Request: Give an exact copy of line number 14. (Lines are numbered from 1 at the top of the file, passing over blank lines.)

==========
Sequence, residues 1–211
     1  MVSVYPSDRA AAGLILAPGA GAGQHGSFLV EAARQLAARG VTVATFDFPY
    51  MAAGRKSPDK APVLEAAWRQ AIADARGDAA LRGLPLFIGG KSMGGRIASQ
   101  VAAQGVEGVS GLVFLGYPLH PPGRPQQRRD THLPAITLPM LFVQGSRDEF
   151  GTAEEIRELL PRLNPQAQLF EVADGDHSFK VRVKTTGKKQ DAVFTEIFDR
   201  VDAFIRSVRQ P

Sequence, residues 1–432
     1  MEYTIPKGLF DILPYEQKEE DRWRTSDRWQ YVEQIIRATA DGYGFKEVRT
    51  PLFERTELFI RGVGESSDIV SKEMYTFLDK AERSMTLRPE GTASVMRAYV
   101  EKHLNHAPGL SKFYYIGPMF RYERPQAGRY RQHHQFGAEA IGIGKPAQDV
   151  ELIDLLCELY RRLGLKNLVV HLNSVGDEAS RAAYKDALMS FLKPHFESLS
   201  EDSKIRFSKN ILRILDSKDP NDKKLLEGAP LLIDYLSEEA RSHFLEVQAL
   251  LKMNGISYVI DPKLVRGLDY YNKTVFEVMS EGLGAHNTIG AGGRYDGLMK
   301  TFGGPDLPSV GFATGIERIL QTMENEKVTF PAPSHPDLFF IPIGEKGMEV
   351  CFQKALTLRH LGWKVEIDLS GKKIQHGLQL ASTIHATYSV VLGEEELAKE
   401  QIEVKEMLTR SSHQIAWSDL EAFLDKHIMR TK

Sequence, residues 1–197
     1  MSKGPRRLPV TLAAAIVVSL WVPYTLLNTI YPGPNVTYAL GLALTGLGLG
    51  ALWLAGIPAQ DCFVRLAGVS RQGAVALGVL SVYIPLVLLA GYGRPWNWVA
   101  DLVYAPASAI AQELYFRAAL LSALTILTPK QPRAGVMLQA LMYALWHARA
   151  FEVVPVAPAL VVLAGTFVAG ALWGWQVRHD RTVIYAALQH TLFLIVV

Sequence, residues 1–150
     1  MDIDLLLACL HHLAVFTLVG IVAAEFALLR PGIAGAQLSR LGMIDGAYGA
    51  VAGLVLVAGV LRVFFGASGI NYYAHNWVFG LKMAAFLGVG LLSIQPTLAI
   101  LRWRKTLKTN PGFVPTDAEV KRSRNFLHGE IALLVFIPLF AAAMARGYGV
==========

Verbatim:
   301  TFGGPDLPSV GFATGIERIL QTMENEKVTF PAPSHPDLFF IPIGEKGMEV